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VI. TOWN HERMITS
a hermit dwell in a borough, town, or city, or nigh thereto where each
day he can
The city of
In 1311, the Bishop prohibited Thomas de Byreford, who, living as hermit there, took upon himself to hear confessions, administer sacraments, offer indulgences and do other un-
authorized things. Some time previous to 1290, St. James’s hermitage was enlarged, and, in 1332, the king granted the custody thereof to William Lyons and two other priests, and to Alan Chauns, hermit. When in old age William Lyons was “broken with bodily weakness,” a chaplain was sent to his aid.
All these men
were nominated by the Crown,
but the cell changed hands frequently, and, during voidance [when the
unoccupied], damage was done to the muniments, ornaments, and goods. Edward I committed the custody of the place
to the mayor, and afterwards to the Constable of the Tower. Edward III, however granted the advowson to
the abbot and convent of Garendon. One
of their nominees, John de Flytewyk, stayed only one year.
He was a priest on the staff of the
lazar-house [leper hospital] of St. Mary de Pré near
time the Cripplegate cell became a chantry chapel . In 1347, new
endowments were provided by the Countess of Pembroke, who founded a
the soul of Aymer de Valence. John Ayobanensis (formerly bishop-suffragan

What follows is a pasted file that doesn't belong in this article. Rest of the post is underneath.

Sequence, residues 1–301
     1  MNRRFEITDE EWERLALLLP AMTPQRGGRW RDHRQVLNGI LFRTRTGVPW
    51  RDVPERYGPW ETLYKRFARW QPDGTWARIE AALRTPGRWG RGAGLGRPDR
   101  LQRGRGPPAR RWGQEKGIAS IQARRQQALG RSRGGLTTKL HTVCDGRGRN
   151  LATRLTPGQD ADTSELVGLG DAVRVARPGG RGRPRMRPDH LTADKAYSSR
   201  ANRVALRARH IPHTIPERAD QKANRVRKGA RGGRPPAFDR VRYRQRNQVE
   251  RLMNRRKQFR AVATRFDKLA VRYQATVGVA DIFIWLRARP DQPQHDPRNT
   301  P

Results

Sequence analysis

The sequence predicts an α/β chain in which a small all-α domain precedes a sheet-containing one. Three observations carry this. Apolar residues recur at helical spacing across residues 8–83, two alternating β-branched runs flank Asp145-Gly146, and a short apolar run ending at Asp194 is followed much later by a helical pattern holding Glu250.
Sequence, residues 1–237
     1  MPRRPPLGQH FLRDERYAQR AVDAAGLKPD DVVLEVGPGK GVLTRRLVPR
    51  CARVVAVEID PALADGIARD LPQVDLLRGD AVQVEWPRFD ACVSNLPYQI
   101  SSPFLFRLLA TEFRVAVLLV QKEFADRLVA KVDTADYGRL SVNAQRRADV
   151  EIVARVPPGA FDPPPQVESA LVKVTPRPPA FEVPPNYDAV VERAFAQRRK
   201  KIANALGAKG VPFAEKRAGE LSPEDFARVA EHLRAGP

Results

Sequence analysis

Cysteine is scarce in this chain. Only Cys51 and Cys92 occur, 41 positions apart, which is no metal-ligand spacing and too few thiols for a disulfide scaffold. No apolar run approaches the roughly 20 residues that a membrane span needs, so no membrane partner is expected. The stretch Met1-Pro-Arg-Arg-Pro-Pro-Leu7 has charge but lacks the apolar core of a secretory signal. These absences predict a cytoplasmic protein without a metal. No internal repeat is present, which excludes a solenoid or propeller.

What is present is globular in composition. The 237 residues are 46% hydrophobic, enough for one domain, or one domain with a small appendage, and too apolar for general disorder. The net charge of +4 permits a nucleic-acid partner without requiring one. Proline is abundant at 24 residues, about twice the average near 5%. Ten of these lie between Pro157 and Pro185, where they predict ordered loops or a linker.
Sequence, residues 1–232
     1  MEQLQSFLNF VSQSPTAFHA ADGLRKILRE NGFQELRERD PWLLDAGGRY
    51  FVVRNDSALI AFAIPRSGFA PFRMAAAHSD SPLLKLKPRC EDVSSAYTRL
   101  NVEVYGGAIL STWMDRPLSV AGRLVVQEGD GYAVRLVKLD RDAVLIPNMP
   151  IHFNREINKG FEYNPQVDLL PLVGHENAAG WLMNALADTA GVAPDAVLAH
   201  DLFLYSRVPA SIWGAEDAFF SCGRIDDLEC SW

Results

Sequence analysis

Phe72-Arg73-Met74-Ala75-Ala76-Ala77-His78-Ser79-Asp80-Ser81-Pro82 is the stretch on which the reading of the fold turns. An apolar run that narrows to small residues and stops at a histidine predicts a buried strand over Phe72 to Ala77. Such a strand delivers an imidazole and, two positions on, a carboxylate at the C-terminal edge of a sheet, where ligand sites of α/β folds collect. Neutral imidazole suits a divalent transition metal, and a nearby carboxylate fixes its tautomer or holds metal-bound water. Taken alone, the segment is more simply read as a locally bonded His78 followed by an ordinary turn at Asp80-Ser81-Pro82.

in the sees of
There was also a hermitage on the south side of Aldgate. This cell was built in a turret of the city wall by John the hermit—possibly that John le Megre, who in 1259 was allowed to “transfer himself from the hermitage of Alegate, where he has lived for some years,” to that of Cripplegate. The Hundred Rolls record that the building encroached on the highway to the extent of 4 feet in one direction and 33 feet in another. Brother Berengar afterwards dwelt at the chapel of St. Mary and St. Nicholas in the torella of the city wall, by
the Tower. During the fourteenth century, this place was in the hands of the mayor and aldermen, who granted it to Sir John de Elyngham, chaplain, on condition that he should keep it in repair and protect it against wind and rain. In this document it is described as being near Bishopsgate.
Of the Bishopsgate cell little is known. In 1342 the custody of the king’s hermitage within Bishopsgate was given to John de Warrewyk. Four years later, protection was granted to Robert, hermit of Bishopsgate, who was dependent upon alms.5
Another hermitage was situated by St. Katharine’s hospital, near the Tower. It was visited in 1360 by John, the captive King of France, who gave two crowns as alms on Ascension Day, and a fortnight later, attended Mass and offered 12d.6  This was evidently the place called “le Swannesnest,” where in 1371 John Ingram was hermit. In the same year one Sir Robert was “a recluse monk near the Tower”.
A more rural spot was the hermitage of St. Katharin, on the site now occupied by Charing Cross Post Office. Henry III granted to the Bishop of Llandaff permission to lodge “in the close of the king’s hermitage of La Charryng”. In 1268 he appointed Simon de Bragham to succeed Richard de la March as chaplain of “The free chapel of the hermitage of la Cherring”. The Exchequer Roll of 1272 mentions two chaplains who performed divine service there for the soul of the king’s father. In 1361, a bequest was made to the hermit near charrynge-crouche.
parts of the kingdom, too, the “solitary” made his habitation in many
frequented places. Lawrence Burgeys (or
Abingdon), bailiff of Reading, obtained permission from Abbot Helyas to
chapel in honour of St. Edmund, beside which he might dwell as a hermit.7 This chapel was
situated on rising ground
nearly opposite the west end of the friary.
In a memorial issued against the abbot of